Posher than HEMA
The service on the tea trolley did not belong to the family, but was added later. It is an example of a partnership between art and industry. In the 1930s nearly all Dutch potteries enlisted the talents of designers, whether external or in-house. This service is a variant of the ‘Strand’ service designed exclusively for Hema by Edmond Bellefroid (1893-1971) around 1933. Named after Hema’s buyer Mr Stranders, the service was a huge commercial success.
Edmond Bellefroid was head designer at De Sphinx pottery from 1929 to 1946. In the 1930s he designed more than thirty-five services, most of which were put into production. Under his leadership the company’s product range embraced the international modernist style. Bellefroid focussed on the technical aspects of mechanised earthenware production. In addition to designing for Hema, he also designed the streamlined Maas service for De Bijenkorf with a brown glaze. These department stores wanted exclusive ceramics aimed at a fashion-conscious market.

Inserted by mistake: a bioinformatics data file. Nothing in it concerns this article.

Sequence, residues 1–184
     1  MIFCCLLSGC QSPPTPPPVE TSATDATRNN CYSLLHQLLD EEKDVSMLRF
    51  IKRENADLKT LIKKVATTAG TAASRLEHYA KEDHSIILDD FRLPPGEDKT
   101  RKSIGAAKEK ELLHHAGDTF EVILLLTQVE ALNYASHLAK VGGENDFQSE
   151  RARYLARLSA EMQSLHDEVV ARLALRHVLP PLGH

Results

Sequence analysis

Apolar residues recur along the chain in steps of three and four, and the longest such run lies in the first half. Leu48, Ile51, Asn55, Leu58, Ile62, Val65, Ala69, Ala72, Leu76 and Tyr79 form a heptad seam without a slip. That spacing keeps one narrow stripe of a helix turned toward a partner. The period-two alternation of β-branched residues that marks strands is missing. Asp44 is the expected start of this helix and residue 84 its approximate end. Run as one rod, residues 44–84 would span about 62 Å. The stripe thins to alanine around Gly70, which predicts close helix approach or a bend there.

The service with characteristic black and red glazes is rarely stamped with a maker’s mark: after all Hema only sold items under its own brand name. The service that is now on the tea trolley is a variant of the one designed for Hema. The Sonneveld family would never have bought a tea service from Hema as they would have considered this shop a little beneath them. To enrich the interior, a variant of the service has been chosen with a grey-green glaze and a restrained gold rim. This decorative scheme complements the German dinner service that belonged to the family.
G.M.E. Bellefroid, Strand tea service, 1933, private collection. (Enrichment)
Edmond Bellefroid at serviezendomein
The Secret of HEMA, a VPRO documentary from 2013 about how this Dutch department store conquered the world.